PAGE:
Coroner’s autopsy

When a coronial autopsy is required the removal of lines and tubes is determined by local hospital policy. If there is any doubt about the removal of lines and tubes, it is advisable to seek advice from the ICU staff.

In all cases where the coroner has accepted jurisdiction, the police must be notified and the deceased formally identified. Usually the family is required for this identification but sometimes it is done by the ICU doctor. If the family is required to formally identify the deceased, this will be arranged by the ICU staff.

Local policy will determine if the police are required to transfer the deceased from the OT to the mortuary.


Blessing of the OT

The practice of blessing the OT is common in many hospitals. Blessing acknowledges the spiritual aspects surrounding the death of the patient and also recognises the generosity of the patient and his/her family.

Local hospital policy determines who performs the blessing.


Feedback and support for staff

The donor coordinator will provide the OT staff with information and support before, during and after the donor surgery.

The day after the donation the donor coordinator will phone to thank the staff involved and to let them know the outcome of the donation. Only general information is given about the recipients, eg the heart was transplanted to a man in his 40s. A letter of thanks is sent to the OT staff a week after the donation and this letter includes an update on the progress of the recipients.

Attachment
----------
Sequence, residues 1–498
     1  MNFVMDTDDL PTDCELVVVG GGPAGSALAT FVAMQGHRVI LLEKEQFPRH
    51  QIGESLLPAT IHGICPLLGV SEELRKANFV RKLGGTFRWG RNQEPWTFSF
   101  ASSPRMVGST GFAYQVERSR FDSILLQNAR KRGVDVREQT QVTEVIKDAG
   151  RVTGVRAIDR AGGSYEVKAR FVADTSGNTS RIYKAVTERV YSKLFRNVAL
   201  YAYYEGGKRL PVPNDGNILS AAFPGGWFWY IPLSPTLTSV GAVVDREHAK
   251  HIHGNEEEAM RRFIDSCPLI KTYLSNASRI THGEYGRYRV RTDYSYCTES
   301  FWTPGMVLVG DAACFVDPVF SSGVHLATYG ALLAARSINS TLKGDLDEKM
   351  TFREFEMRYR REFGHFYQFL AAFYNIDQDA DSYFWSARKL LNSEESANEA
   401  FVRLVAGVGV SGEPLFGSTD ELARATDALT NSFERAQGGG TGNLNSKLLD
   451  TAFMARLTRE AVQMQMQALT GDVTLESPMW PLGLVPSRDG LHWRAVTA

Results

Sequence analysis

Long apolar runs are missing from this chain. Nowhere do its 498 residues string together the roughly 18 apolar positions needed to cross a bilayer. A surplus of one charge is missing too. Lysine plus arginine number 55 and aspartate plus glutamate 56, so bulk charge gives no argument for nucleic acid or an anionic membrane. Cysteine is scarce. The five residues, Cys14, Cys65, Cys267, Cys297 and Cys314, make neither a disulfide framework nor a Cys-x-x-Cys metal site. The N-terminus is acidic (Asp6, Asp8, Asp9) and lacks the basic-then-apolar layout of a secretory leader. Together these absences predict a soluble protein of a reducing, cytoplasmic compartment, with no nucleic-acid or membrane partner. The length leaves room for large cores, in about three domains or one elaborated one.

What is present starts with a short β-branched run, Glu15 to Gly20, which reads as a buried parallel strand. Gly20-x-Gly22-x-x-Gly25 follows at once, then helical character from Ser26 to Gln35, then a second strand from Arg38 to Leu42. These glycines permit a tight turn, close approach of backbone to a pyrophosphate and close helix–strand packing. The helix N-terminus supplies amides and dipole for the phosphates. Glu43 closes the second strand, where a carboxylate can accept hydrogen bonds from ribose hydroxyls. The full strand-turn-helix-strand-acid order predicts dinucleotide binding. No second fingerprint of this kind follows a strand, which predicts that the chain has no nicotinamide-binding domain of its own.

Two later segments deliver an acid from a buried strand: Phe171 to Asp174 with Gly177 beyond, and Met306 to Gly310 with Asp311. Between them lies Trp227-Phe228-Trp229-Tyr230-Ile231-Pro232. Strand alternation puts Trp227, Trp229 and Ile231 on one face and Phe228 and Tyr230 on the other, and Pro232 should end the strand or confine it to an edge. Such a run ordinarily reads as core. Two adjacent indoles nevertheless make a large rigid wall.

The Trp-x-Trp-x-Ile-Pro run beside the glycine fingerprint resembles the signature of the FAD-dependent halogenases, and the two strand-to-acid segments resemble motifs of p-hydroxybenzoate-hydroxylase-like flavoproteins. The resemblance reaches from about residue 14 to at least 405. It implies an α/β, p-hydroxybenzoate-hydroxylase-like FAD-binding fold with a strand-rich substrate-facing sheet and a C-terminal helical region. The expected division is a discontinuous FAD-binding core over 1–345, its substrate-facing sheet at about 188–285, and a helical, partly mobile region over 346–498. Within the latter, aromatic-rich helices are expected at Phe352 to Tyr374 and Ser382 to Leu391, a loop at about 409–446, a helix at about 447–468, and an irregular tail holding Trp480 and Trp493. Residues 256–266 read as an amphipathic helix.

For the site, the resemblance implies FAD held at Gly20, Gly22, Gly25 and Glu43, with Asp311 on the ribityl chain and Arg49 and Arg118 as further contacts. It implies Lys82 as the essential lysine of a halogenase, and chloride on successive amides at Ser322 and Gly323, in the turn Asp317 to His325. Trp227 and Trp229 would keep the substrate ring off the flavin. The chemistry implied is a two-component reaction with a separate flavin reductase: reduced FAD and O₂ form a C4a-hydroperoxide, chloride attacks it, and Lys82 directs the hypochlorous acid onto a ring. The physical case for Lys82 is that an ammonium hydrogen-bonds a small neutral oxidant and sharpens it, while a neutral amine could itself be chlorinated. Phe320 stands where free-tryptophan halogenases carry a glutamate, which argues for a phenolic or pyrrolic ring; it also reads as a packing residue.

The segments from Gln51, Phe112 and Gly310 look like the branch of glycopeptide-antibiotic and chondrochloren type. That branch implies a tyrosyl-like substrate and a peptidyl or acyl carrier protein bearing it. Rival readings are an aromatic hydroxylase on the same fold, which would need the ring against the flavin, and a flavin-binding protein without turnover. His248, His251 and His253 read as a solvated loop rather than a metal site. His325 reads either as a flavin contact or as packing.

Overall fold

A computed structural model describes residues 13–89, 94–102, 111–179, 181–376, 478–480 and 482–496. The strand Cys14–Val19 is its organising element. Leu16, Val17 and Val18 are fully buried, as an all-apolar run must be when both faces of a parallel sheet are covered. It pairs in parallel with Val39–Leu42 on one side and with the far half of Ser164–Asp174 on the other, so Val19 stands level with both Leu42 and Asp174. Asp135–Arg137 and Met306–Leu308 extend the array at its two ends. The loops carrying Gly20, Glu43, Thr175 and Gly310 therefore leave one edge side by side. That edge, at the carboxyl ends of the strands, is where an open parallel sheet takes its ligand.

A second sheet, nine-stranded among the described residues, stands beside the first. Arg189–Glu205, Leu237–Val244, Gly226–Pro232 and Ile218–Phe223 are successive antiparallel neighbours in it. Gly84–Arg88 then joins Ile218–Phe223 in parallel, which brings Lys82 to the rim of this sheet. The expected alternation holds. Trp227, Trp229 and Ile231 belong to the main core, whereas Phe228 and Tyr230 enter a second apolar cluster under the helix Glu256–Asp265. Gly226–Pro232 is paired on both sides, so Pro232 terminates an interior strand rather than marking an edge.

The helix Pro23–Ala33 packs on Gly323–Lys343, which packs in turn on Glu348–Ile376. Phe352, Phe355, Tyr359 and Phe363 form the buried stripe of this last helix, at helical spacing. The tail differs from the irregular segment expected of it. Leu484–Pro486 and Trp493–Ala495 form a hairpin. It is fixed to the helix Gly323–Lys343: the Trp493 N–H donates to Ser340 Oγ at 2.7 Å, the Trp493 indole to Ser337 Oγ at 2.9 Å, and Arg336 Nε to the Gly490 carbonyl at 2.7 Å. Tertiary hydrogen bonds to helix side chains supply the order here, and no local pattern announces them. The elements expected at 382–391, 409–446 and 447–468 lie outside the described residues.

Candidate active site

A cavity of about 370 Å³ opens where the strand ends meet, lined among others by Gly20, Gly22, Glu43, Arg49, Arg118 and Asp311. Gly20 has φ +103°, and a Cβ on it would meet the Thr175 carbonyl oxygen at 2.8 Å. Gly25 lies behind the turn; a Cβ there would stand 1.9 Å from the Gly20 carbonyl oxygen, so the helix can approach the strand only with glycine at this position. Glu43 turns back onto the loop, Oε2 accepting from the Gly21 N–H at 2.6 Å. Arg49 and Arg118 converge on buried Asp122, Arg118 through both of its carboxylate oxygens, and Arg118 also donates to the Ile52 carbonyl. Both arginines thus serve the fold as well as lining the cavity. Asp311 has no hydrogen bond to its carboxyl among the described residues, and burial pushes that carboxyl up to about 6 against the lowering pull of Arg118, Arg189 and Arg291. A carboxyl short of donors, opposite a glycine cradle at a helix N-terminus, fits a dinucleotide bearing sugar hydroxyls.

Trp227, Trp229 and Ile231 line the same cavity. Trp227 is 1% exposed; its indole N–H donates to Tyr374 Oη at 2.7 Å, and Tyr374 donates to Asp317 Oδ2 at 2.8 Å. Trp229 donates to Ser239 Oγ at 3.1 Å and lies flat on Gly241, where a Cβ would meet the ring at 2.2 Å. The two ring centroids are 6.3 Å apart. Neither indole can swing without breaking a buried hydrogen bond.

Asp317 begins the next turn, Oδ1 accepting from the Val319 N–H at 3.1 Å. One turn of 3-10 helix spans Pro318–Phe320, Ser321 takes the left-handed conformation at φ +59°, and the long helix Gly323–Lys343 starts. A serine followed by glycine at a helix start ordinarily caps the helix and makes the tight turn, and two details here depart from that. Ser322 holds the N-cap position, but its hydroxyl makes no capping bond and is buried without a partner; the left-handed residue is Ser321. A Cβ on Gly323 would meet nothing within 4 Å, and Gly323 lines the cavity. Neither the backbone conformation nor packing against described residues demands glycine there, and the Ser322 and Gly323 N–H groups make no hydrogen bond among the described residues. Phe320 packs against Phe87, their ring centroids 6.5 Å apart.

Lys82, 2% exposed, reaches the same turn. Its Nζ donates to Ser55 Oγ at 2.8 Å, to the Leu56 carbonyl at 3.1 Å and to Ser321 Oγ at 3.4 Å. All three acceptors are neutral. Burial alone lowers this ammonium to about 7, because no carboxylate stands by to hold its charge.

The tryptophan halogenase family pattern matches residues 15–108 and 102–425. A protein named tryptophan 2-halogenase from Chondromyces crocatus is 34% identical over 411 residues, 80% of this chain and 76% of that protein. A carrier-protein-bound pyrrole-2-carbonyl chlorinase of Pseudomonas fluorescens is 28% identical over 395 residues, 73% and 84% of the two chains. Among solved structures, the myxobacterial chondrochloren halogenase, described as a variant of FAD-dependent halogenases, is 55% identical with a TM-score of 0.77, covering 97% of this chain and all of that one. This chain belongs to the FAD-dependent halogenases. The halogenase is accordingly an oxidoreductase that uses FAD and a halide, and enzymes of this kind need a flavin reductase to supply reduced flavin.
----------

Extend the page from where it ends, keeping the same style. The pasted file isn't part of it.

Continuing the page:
It is important to recognise that some donations can have more impact than others on OT staff or individual OT staff members. This might be because of the age of the donor, the cause of death or specific circumstances that individual staff might relate to, eg the same age as a family member.



Confidentiality and privacy is very important for the protection of the donor family and the recipients. It is important for all those involved in the donation process to maintain confidentiality.


Family support and follow-up

The donor coordinator is available to meet with the family before the donor surgery. For some families it can be reassuring to meet the donor coordinator who will be present with their family member during the donation. Some families wish to receive a phone call from the donor coordinator at the completion of the operation or the following day with the outcome of the donation.

At one week the donor coordinator writes a letter of thanks to the family on behalf of the transplant teams and the recipients and their families. This letter includes general information about the recipients unless the family has indicated that they did not wish to receive such information. Written information on brain death, the process of organ donation and bereavement are sent with this initial correspondence to the family.

The donor coordinator phones the family at approximately eight weeks to offer further information and support. Ongoing follow-up for some families can continue for many years.